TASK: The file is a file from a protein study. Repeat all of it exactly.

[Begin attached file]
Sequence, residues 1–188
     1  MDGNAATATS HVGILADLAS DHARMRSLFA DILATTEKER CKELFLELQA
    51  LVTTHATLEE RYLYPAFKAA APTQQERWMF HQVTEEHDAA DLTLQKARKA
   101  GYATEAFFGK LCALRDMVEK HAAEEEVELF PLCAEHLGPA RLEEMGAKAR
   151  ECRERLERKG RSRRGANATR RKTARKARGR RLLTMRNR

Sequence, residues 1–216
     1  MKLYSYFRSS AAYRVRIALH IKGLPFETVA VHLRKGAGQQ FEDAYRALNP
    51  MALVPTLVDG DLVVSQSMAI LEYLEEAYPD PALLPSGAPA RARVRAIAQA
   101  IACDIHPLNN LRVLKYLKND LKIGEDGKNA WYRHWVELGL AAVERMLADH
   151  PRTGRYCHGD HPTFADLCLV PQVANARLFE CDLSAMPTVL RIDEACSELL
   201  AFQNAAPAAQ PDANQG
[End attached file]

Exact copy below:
Sequence, residues 1–188
     1  MDGNAATATS HVGILADLAS DHARMRSLFA DILATTEKER CKELFLELQA
    51  LVTTHATLEE RYLYPAFKAA APTQQERWMF HQVTEEHDAA DLTLQKARKA
   101  GYATEAFFGK LCALRDMVEK HAAEEEVELF PLCAEHLGPA RLEEMGAKAR
   151  ECRERLERKG RSRRGANATR RKTARKARGR RLLTMRNR

Sequence, residues 1–216
     1  MKLYSYFRSS AAYRVRIALH IKGLPFETVA VHLRKGAGQQ FEDAYRALNP
    51  MALVPTLVDG DLVVSQSMAI LEYLEEAYPD PALLPSGAPA RARVRAIAQA
   101  IACDIHPLNN LRVLKYLKND LKIGEDGKNA WYRHWVELGL AAVERMLADH
   151  PRTGRYCHGD HPTFADLCLV PQVANARLFE CDLSAMPTVL RIDEACSELL
   201  AFQNAAPAAQ PDANQG